Vladimir Putin has backed calls to begin easing a national lockdown despite a steady growth in Covid-19 cases, as a poll showed the pandemic has driven the Russian president’s approval ratings to the lowest level in two decades.
In a televised meeting with ministers and regional governors on Wednesday, Mr Putin endorsed a proposal for industrial companies and construction projects in Moscow to restart work on May 12, while warning against a return to normality beyond the Russian capital.
“In some places, the tough, justified preventive measures need to stay in place and even be increased, and in some places, it is possible to plan a gradual softening,” he said. “But I am saying this again: we cannot jump ahead of ourselves. Any carelessness or haste may cause a setback.”
The pace in new Covid-19 patients in Russia has accelerated to become the world’s second fastest after the US, despite six weeks of a lockdown that has paralysed the economy. On Wednesday the country reported a fourth consecutive day of more than 10,000 new coronavirus infections.
Russia’s economy has faced a dual crisis stemming from the collapse in oil prices and the lockdown measures, that have squeezed earnings from crude exports — which account for 50 per cent of total budget revenues — and brought other large sectors to a standstill.
The response from Mr Putin’s administration has been more hesitant and less ambitious than that of European economies, which have entered lockdowns earlier and vowed big rescue packages to soften the blows to their economies. Now, as European countries have managed to curb new infections, they are gradually loosening the measures.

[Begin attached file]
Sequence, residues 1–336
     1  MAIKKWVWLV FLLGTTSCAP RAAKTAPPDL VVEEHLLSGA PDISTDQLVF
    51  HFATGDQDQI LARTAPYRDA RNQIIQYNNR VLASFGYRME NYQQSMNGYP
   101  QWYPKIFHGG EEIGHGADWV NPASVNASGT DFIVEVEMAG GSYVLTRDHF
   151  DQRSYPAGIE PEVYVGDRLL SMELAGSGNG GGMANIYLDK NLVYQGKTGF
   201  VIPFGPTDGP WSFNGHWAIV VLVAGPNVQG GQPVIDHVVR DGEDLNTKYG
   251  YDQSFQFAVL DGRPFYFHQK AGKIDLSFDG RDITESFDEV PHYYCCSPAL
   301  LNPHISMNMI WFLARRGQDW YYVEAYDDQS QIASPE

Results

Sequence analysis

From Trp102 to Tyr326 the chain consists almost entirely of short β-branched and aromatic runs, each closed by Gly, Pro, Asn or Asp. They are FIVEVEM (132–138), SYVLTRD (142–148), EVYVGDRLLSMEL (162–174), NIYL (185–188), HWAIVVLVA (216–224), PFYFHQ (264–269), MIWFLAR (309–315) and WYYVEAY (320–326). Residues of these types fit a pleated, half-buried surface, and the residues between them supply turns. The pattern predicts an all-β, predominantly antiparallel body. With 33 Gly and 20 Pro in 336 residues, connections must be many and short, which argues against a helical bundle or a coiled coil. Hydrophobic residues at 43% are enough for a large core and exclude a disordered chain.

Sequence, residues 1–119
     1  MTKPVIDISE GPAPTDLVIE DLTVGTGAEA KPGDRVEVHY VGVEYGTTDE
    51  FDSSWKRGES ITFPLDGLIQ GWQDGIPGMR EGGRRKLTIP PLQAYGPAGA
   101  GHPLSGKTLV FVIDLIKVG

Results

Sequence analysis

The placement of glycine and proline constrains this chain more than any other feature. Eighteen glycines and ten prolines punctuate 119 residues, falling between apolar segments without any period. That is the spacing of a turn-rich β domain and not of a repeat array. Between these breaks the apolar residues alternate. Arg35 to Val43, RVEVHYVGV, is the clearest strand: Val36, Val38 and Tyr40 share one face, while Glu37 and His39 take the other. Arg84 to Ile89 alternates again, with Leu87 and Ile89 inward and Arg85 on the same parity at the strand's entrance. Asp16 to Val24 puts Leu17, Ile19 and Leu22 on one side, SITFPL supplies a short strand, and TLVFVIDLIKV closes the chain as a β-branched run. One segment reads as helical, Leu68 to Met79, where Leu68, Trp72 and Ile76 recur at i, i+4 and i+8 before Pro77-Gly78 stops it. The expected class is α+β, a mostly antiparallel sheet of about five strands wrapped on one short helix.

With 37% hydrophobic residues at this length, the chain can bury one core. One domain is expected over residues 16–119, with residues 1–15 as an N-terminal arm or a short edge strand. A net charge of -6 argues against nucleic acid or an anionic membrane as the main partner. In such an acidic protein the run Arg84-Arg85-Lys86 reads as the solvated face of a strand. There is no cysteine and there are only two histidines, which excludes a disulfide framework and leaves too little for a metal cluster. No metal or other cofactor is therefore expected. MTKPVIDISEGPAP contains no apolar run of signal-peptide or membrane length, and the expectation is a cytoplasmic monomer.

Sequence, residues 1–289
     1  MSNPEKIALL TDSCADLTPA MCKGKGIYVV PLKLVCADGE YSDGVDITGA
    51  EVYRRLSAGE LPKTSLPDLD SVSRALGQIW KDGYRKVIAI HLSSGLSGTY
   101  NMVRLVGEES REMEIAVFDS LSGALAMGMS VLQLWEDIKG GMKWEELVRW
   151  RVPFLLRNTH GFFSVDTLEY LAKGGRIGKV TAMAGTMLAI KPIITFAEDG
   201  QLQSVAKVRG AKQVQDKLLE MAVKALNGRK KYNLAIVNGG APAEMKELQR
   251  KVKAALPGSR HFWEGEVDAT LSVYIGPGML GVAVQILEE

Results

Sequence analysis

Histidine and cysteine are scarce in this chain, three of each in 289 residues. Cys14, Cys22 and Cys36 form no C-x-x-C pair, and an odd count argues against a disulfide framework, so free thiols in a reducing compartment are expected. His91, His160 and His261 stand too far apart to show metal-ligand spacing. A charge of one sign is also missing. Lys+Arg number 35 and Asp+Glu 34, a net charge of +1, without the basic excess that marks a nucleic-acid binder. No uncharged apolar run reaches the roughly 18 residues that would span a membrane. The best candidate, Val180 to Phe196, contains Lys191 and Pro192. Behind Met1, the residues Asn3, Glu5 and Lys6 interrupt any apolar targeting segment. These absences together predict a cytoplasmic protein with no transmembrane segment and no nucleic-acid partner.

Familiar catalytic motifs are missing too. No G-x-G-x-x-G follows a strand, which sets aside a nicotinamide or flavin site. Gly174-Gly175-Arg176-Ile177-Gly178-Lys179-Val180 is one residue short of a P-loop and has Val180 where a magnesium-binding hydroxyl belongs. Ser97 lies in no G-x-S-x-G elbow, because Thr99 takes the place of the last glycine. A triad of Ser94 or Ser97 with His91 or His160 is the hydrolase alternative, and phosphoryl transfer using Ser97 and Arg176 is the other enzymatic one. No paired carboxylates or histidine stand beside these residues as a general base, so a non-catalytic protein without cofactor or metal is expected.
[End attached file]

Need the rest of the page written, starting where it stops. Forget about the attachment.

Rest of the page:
At the end of April, Russia’s economic activity was 33 per cent lower than before the lockdown, the country’s minister for economic development told Mr Putin. In all regions except Moscow, 78 per cent of employees were not working, he added.
Total tax payments were down 31.4 per cent in April, compared with a year earlier, the head of the tax agency said.
The budget deficit would reach 4 per cent of GDP this year, instead of a surplus of 0.8 per cent of GDP initially forecast, forcing the government to issue $60bn in fresh debt, finance minister Anton Siluanov said in an interview with newspaper Vedomosti earlier on Wednesday.
The crisis has derailed Mr Putin’s plans to hold a national vote on constitutional changes this year that would allow him to extend his rule beyond 2024 — when he will have completed four terms as president.
Meanwhile, his approval ratings fell to 59 per cent in April, the lowest since he became president in January 2000, according to a monthly poll by the Levada Center, Russia’s only pollster independent of the state. This compared with 63 per cent in March and a high of 89 per cent recorded in 2015 shortly after the invasion of Ukraine’s Crimea region.
The poll suggests Mr Putin’s attempts to delegate unpopular decisions to his ministers and local governors have not shielded him from popular discontent at the handling of the virus.
During Wednesday’s meeting, Mr Putin emphasised that they would be responsible for implementing lockdown measures and deciding when to lift them.
“The price of the slightest mistake is the safety, life, and health of our people,” he warned. “Therefore, the responsibility for each decision made, by colleagues from the government and the heads of regions, is extremely high.”